Brooke enlisted at the outbreak of war in August 1914. He came to public attention as a war poet early the following year, when The Times Literary Supplement published two sonnets (“IV: The Dead” and “V: The Soldier”) on 11 March; the latter was then read from the pulpit of St Paul’s Cathedral on Easter Sunday (4 April). Brooke’s most famous collection of poetry, containing all five sonnets, 1914 & Other Poems, was first published in May 1915 and, in testament to his popularity, ran to 11 further impressions that year and by June 1918 had reached its 24th impression; a process undoubtedly fuelled through posthumous interest.

Brooke’s accomplished poetry gained many enthusiasts and followers, and he was taken up by Edward Marsh, who brought him to the attention of Winston Churchill, then First Lord of the Admiralty. Brooke was commissioned into the Royal Naval Volunteer Reserve as a temporary sub-lieutenant shortly after his 27th birthday and took part in the Royal Naval Division’s Antwerp expedition in October 1914.

Brooke sailed with the British Mediterranean Expeditionary Force on 28 February 1915 but developed pneumococcal sepsis from an infected mosquito bite. French surgeons carried out two operations to drain the abscess but he died of septicaemia at 4:46 pm on 23 April 1915, on the French hospital ship Duguay-Trouin, moored in a bay off the Greek island of Skyros in the Aegean Sea, while on his way to the landings at Gallipoli. As the expeditionary force had orders to depart immediately, Brooke was buried at 11 pm in an olive grove on Skyros. The site was chosen by his close friend, William Denis Browne, who wrote of Brooke’s death:

I sat with Rupert. At 4 o’clock he became weaker, and at 4.46 he died, with the sun shining all round his cabin, and the cool sea breeze blowing through the door and the shaded windows. No one could have wished for a quieter or a calmer end than in that lovely bay, shielded by the mountains and fragrant with sage and thyme.

Another friend and war poet, Patrick Shaw-Stewart, assisted at his hurried funeral. His grave remains there still, with a monument erected by his friend Stanley Casson, poet and archaeologist, who in 1921 published Rupert Brooke and Skyros, a “quiet essay”, illustrated with woodcuts by Phyllis Gardner.

On 11 November 1985, Brooke was among 16 First World War poets commemorated on a slate monument unveiled in Poets’ Corner in Westminster Abbey. The inscription on the stone was written by a fellow war poet, Wilfred Owen. It reads: “My subject is War, and the pity of War. The Poetry is in the pity.”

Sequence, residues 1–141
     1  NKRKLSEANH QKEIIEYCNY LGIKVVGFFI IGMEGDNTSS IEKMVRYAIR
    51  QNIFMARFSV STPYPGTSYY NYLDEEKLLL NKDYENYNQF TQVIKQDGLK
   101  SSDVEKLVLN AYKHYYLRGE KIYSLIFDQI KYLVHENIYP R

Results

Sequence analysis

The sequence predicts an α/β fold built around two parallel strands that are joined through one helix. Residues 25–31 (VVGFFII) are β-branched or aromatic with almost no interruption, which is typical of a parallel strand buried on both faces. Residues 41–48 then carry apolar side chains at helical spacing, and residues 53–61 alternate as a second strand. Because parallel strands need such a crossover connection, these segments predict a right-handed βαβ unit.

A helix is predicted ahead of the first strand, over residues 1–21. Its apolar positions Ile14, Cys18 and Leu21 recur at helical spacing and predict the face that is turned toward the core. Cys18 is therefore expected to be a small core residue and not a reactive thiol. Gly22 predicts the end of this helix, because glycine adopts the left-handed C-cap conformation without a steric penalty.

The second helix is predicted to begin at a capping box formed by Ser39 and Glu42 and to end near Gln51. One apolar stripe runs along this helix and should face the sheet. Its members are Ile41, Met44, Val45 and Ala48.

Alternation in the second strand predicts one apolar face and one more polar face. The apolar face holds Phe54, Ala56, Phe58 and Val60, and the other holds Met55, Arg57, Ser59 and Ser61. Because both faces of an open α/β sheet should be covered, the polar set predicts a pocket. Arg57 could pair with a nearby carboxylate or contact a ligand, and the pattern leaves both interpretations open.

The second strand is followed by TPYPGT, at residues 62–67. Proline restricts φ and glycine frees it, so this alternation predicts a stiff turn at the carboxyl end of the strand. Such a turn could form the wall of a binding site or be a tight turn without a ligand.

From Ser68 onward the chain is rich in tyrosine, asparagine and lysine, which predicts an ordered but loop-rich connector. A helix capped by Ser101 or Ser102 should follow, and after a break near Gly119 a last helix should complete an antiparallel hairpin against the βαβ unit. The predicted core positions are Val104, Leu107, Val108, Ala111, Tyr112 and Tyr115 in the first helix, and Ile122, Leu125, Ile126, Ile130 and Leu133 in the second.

The wooden cross that marked Brooke’s grave on Skyros, which was painted and carved with his name, was removed when a permanent memorial was made there. His mother, Mary Ruth Brooke, had the cross brought to Rugby, to the family plot at Clifton Road Cemetery. Because of erosion in the open air, it was removed from the cemetery in 2008 and replaced by a more permanent marker. The Skyros cross is now at Rugby School with the memorials of other Old Rugbeians.

Brooke’s surviving brother, William Alfred Cotterill Brooke, fell in action on the Western Front on 14 June 1915 as a subaltern with the 1/8th (City of London) of the London Regiment (Post Office Rifles), at the age of 24 years. He had been in France on active service for nineteen days before meeting his death. His body was buried in Fosse 7 Military Cemetery (Quality Street), Mazingarbe.

In July 1917 Field Marshal Edmund Allenby was informed of the death in action of his son Michael Allenby, leading to Allenby’s break down in tears in public while he recited a poem by Rupert Brooke.

The first stanza of “The Dead” is inscribed onto the base of the Royal Naval Division War Memorial in London.

American adventurer Richard Halliburton made preparations for writing a biography of Brooke, meeting his mother and others who had known the poet, and corresponding widely and collecting copious notes, but he died before writing the manuscript. Halliburton’s notes were used by Arthur Springer to write Red Wine of Youth: A Biography of Rupert Brooke.